# Reynolds decomposition of non-linear dynamics

Can we apply the Reynolds decomposition, $$u(x,t)=U(x)+u'(x,t),$$ to any strongly non-linear dynamics problem, where the final state is dependent on the initial condition like Lorenz's equation or Burger's equation or Kurmoto-Sivashinsky equation? Even the non-linear dynamics problems have steady states, so can we apply the Reynolds decomposition to them?

Are there any laws which decides whether the Reynolds decomposition can be applied to any physical system or not?

• For a steady state, probably yes. The question is whether it'll often be as useful as in fluid dynamics. Jul 6, 2018 at 8:16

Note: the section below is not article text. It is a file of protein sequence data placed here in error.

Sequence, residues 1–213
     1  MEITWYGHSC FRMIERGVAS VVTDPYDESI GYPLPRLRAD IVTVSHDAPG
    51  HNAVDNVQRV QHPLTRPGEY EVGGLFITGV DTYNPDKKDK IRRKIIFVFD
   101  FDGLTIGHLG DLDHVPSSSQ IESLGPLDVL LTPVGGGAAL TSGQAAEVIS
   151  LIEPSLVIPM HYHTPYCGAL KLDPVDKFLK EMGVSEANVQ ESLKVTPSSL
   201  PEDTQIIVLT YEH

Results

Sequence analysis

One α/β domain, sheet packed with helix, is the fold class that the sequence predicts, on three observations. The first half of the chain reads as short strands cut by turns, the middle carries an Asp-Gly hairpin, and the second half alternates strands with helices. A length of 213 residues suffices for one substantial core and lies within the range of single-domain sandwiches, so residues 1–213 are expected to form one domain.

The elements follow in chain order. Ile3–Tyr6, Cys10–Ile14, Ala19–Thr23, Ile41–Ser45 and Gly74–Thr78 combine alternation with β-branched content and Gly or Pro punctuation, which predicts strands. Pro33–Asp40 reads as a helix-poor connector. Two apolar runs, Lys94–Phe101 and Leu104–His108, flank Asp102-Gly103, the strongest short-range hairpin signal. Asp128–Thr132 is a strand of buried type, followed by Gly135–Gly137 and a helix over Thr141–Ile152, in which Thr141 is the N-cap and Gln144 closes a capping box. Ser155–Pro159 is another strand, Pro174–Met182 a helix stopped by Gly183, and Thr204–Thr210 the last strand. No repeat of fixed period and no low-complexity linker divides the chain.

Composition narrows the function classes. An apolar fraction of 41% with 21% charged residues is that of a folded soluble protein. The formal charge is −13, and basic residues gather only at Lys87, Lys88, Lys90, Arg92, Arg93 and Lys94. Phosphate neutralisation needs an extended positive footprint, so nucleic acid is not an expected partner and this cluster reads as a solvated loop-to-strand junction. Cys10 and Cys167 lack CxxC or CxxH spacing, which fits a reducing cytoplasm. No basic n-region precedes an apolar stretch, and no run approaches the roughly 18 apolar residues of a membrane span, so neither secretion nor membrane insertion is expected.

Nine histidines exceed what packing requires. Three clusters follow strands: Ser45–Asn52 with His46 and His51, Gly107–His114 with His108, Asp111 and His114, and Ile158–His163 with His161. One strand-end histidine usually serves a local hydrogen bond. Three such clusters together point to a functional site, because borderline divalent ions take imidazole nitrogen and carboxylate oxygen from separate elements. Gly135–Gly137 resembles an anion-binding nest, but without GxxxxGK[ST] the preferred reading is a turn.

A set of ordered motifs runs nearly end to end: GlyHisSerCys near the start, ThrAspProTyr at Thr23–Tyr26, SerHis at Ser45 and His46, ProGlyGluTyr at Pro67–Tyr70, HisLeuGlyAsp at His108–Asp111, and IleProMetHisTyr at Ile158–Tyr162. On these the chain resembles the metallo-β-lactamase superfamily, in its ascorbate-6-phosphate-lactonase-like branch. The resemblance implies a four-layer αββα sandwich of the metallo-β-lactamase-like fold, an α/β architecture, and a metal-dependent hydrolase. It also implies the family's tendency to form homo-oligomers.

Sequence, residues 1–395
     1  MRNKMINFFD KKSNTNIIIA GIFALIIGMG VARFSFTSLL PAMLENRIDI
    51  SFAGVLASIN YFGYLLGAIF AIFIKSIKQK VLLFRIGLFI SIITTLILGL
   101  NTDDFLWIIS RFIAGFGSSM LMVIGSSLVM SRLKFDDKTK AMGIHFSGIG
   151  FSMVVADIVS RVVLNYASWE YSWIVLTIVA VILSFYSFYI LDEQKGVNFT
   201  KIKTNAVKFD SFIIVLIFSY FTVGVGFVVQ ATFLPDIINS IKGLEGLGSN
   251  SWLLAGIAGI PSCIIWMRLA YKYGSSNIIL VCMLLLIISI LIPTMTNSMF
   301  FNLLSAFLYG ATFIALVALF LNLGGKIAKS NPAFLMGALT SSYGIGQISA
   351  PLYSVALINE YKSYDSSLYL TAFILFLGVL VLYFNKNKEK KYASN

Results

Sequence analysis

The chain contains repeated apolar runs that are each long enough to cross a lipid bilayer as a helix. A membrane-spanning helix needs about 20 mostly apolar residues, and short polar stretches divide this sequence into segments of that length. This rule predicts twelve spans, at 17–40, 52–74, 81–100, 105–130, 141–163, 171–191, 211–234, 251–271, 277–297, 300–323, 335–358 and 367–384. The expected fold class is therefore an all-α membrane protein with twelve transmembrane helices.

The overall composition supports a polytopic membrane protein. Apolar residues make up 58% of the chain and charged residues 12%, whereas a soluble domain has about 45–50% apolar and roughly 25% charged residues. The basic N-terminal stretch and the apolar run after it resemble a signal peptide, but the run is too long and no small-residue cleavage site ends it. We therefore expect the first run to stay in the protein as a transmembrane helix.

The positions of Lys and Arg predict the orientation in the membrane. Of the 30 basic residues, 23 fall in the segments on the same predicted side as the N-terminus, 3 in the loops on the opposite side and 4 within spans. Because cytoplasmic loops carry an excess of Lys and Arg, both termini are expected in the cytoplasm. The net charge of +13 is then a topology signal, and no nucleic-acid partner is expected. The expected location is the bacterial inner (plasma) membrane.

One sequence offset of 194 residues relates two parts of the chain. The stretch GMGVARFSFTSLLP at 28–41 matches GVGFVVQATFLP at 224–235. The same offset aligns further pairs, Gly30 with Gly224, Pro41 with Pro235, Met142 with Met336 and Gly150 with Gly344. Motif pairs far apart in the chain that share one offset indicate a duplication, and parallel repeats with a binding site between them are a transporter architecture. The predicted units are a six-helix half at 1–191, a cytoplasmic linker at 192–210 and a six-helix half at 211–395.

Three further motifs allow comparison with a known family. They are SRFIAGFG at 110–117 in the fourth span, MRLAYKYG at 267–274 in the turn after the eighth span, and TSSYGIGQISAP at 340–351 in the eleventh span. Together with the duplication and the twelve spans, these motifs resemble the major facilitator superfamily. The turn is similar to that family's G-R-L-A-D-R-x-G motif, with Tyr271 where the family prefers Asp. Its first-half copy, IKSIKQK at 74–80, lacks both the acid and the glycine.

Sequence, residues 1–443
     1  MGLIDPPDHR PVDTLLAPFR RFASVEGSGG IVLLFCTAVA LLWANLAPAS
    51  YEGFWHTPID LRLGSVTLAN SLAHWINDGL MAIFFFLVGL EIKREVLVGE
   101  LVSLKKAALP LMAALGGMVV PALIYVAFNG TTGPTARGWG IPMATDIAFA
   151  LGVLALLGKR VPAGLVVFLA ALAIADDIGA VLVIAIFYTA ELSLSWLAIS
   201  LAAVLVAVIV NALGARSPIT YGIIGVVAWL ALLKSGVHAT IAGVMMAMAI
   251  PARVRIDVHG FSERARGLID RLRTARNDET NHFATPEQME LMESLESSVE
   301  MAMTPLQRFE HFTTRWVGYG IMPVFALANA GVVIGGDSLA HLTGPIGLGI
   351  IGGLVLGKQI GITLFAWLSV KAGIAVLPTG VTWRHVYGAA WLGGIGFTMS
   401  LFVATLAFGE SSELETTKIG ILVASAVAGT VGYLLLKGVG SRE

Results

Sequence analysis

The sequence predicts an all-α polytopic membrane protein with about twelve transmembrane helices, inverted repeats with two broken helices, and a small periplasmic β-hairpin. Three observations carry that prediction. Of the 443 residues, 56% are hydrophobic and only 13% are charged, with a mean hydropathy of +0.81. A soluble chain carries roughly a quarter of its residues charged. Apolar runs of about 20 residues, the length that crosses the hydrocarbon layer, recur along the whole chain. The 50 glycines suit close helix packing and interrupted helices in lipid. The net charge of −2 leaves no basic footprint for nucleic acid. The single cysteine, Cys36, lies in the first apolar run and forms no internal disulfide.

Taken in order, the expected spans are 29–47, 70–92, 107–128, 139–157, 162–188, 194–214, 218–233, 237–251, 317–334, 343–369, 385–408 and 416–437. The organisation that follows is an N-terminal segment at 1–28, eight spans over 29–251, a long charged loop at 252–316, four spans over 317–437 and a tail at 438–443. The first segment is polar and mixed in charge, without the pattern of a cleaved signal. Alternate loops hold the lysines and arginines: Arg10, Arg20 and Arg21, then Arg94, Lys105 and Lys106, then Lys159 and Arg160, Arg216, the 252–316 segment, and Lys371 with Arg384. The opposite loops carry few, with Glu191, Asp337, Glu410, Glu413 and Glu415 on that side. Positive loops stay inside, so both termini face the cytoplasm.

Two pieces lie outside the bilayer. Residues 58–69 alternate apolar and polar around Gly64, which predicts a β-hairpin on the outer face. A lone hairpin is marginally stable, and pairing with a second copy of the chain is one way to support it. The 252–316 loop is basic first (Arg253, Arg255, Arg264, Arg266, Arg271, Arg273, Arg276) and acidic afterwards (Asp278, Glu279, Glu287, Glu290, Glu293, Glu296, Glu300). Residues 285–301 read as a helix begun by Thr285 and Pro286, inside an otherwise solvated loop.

Assuming the standard definition of the Reynolds decomposition, you can always do it if the expectation value of $u(x,t)$ is well-defined over the time interval you care about. In other words, you can do it as long as this is well-defined:
$$\mathbb{E}_t[u(x,t)] = \frac{1}{t_b - t_a}\int_{t_a}^{t_b} u(x,t)dt = U(x)$$
A little bonus: if you think your function is square-integrable over that time interval, you can go further and create a generalized Fourier series in time defining each "moment" of your solution. In the best case, this might generate a series of ODEs describing a recurrence relation for each moment, letting you pull out a series solution that agrees with $u(x,t)$ almost everywhere.